February 25, 2015

Dr Mathew Opoku Prempeh, Member of Parliament for Mahyia South, has asked Government to take measures to review the nation’s sanitation policy to adequately care for current sanitation issues.

The revised policy, he said, should make for the gaps in the current policy and take care of issues such as toilet, water, waste management and recycling among others.

Furthermore the study of sanitation and hygiene should be made part of the school curricula, he said.

Speaking to the Ghana News Agency (GNA) in Accra on sanitation challenges of the nation, Dr Prempeh, who is also a medical doctor, described the nation’s sanitation system as having broken down, evidenced in the increase in cholera cases in recent times.

“Sanitation has gone wayward. The increase in cholera cases is evidence of filth in the country,” Dr Prempeh said, stressing the need for hygiene and sanitation to be made a serious part of the national development planning.

He dared the Ministry of Local Government and Rural Development to prove claims of improvement in sanitation and hygiene against the presence of huge and mountainous garbage dumps in the communities.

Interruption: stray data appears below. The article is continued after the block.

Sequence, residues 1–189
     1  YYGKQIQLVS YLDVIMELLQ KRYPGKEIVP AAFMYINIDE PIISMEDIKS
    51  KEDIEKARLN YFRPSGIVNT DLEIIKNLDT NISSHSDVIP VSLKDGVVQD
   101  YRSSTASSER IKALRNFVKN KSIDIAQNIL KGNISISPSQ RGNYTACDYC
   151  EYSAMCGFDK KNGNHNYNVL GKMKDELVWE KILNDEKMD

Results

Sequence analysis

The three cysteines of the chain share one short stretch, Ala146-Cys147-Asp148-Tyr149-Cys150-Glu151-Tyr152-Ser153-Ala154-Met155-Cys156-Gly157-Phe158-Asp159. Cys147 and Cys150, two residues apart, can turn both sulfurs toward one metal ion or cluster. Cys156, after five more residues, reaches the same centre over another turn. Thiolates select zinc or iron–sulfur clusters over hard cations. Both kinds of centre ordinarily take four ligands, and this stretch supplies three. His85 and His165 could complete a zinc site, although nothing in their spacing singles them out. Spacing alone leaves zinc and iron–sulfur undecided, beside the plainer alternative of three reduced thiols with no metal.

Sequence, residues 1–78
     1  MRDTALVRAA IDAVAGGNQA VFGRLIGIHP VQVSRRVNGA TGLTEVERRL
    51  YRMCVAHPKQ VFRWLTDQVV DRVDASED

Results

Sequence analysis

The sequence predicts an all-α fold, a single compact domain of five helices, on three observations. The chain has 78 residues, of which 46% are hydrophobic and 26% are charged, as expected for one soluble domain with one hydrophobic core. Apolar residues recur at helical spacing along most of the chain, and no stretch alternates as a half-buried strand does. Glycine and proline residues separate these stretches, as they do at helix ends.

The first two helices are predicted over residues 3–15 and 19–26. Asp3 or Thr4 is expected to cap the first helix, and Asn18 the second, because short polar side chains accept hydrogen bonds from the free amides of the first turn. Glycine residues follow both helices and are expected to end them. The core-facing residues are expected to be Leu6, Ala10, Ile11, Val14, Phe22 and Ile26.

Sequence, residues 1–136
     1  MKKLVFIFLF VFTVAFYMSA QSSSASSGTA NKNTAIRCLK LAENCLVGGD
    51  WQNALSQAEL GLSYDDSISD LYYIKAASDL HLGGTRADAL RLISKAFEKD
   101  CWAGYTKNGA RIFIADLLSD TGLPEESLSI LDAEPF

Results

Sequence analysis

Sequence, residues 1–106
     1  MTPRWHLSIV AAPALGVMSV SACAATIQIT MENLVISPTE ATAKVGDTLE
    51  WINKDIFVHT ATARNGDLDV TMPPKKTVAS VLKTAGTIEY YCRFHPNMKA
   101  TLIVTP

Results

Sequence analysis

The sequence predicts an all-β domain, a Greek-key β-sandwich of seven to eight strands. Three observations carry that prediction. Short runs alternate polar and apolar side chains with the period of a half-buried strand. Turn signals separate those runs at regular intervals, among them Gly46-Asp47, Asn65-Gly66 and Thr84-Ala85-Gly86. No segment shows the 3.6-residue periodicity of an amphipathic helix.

Dr Prempeh suggested that the 180 million Euro support by the Netherlands to Ghana to finance the water and sanitation sector, should be used for the development of water systems like bore holes, stand pipes and toilet facilities in schools, especially basic ones that lacked such facilities.

The facility is under the Ghana-Netherlands Water, Sanitation and Hygiene (WASH) programme which spans nine years.

Dr Prempeh called for the improvement in hygiene sanitation education, and asked the Government to provide more logistics to general sanitation improvement as well as paying waste contractors their monies on time.

On waste disposal challenges in the Manhyia South Constituency, Dr Prempeh said the area which is an “inner city constituency “needed to improve in the disposal of waste.

He was of the opinion that the policy of “pay as you dump” had not helped much.

This, he said is because a number of children who are sent to dump refuse would rather spend “the 10 Ghana pesewas or the 20 Ghana pesewas” and dump the refuse elsewhere, leading to unsightly scenes of refuse at unapproved places and choked gutters, and overflow with safety hazards.

The Manhyia South MP made a strong case for sanitation, saying, the lack of it is a hindrance, not only to health, but also to economic and social issues of development.

“I don’t think we can achieve anything without proper sanitation,” Dr Prempeh said.